In assessing "the purpose and character of the use," the fact that the new work, produced by the defendant, is "transformative" or "adds something new, with a further purpose or different character" is strong evidence that the use is a fair use. See Harper & Row, Publishers, Inc. v. Nation Enters.,471 U.S. 539, 562, 105 S.Ct. 2218, 85 L.Ed.2d 588 (1985). In fact, "the more transformative the new work, the less will be the significance of the other factors, like commercialism, that may weigh against a finding of fair use," Id.at 579, 105 S.Ct. 2218. In Perfect 10, Inc. v. Google, Inc.,487 F.3d 701 (9th Cir.2007), the Ninth Circuit recently addressed the use of works in a computer database and found the defendant's use to be transformative. Plaintiff Perfect 10 sued Google for infringement based on Google's display of thumbnail-sized images from Perfect 10's web site, which were displayed by Google in response to a user search. The court held that Google's reproduction of the images was "highly transformative" because "[although an image may have been created originally to serve an entertainment ... or informative function, a search engine transforms the image ... [and] provides a social benefit by incorporating an original work into a new work, namely, an electronic reference tool." Perfect 10,487 F.3d at 721.

        This Court finds the "purpose and character" of iParadigms' use of Plaintiffs' written works to be highly transformative. Plaintiffs originally created and produced their works for the purpose of education and creative expression. iParadigms, through Turnitin, uses the papers for an entirely different purpose, namely, to prevent plagiarism and protect the students' written works from plagiarism. iParadigms achieves this by archiving the students' works as digital code and makes no use of any work's particular expressive or creative content beyond the limited use of comparison with other works. Though iParadigms makes a profit in providing this service to educational institutions, its use of the student works adds "a further purpose or different character" to the works, see Harper & Row,471 U.S. at 562, 105 S.Ct. 2218, and provides a substantial public benefit through the network of educational institutions using Turnitin. Thus, in this case, the first factor favors a finding of fair use.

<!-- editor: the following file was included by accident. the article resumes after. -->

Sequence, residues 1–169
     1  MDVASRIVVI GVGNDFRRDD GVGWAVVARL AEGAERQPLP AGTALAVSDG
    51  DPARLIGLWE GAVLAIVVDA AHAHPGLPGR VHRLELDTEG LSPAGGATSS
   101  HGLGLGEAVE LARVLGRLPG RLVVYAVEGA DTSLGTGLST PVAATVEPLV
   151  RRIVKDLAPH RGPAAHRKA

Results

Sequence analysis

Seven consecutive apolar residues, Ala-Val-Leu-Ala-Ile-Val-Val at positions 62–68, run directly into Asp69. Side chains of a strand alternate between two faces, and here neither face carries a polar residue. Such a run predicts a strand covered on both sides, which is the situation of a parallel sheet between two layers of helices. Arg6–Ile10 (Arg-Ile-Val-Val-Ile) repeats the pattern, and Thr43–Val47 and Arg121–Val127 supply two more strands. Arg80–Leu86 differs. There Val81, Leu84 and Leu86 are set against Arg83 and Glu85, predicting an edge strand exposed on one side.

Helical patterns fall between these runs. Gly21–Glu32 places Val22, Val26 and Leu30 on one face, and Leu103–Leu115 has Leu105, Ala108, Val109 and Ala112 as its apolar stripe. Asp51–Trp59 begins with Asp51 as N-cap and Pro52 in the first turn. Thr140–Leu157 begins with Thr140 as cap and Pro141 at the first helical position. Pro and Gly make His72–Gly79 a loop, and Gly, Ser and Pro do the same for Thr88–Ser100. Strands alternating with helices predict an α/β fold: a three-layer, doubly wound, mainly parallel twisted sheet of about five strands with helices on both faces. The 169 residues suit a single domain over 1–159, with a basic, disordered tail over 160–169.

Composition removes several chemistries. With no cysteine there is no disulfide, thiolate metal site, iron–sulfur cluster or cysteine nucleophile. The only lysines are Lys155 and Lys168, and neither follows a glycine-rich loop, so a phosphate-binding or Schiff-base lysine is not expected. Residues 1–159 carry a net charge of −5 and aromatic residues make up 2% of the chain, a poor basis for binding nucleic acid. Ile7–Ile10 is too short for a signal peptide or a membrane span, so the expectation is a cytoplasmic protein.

The second factor to be considered is "the nature of the copyrighted work." 17 U.S.C. § 107. This factor "focuses attention on the extent to which a work falls at the core of creative expression," and, in particular, whether "the incentive for creativity has been diminished." Bond v. Blum,317 F.3d 385, 395-96 (4th

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Cir.2003). In this case, this factor is of lesser import because the allegedly infringing use makes no use of any creative aspect of the student works. Rather, iParadigms' use relates solely to the comparative value of the works. Nevertheless, iParadigms' use in no way diminishes the incentive for creativity on the part of students. On the contrary, iParadigms' use protects the creativity and originality of student works by detecting any efforts at plagiarism by other students. Thus, the second factor either favors neither party or favors a finding of fair use.

        The third factor to be considered is "the amount and substantiality of the portion used." 17 U.S.C. § 107. The Supreme Court and the Fourth Circuit have indicated that a new work's complete and entire use of the original work does not automatically preclude a finding of fair use. See, e.g., Sony Corp. Of America v. Universal City Studios, Inc.,464 U.S. 417, 104 S.Ct. 774, 78 L.Ed.2d 574 (1984) (making copies of complete television shows for purposes of time-shifting is a permissible fair use); Bond,317 F.3d at 396 (use of entire manuscript "was not for expressive content" and "[did] not undermine the protections granted by the Act"). For example, in Perfect 10,the fact that Google displayed the entire Perfect 10 image in its search engine results did not make the use impermissible because the use was also highly transformative. See Perfect 10,487 F.3d at 724.